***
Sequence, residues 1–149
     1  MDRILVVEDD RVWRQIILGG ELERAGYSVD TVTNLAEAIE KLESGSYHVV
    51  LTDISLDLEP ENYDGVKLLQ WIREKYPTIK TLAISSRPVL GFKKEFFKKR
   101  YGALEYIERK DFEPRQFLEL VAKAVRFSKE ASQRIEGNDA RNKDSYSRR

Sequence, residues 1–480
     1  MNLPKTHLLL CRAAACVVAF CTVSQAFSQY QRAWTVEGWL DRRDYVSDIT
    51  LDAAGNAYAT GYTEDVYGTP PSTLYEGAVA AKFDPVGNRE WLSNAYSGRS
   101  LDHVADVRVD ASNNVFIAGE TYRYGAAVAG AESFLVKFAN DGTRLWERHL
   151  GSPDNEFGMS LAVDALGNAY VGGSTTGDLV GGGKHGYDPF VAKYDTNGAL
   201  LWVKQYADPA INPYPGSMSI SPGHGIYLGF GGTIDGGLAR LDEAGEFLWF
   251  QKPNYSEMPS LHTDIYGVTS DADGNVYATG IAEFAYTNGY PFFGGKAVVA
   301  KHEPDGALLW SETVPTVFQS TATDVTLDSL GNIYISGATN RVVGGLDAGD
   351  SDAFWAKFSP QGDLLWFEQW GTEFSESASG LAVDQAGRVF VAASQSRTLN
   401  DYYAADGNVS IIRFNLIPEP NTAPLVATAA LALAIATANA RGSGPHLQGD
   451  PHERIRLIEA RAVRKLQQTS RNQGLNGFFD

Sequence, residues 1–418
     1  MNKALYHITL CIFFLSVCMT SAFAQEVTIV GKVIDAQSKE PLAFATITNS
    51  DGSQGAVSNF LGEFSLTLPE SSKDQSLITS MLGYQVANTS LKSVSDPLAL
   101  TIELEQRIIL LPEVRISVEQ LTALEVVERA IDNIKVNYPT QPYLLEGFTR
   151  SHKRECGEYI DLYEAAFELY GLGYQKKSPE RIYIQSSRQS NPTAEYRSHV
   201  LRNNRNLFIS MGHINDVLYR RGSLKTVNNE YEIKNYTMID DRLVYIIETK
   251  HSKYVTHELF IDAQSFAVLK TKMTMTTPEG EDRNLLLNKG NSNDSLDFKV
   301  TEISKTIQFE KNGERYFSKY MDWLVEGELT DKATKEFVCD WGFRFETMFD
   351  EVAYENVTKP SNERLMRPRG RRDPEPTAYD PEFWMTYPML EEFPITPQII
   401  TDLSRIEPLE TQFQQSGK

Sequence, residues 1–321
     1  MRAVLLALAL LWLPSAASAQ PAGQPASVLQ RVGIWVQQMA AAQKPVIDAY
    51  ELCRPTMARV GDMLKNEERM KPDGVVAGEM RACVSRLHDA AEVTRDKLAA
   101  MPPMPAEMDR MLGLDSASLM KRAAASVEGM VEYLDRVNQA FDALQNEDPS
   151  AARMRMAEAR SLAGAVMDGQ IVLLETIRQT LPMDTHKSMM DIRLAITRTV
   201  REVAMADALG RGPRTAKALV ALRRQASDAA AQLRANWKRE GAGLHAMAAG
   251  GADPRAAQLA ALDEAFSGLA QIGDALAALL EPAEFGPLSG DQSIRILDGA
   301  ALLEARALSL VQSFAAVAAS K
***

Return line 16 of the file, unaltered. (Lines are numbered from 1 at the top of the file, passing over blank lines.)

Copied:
Sequence, residues 1–418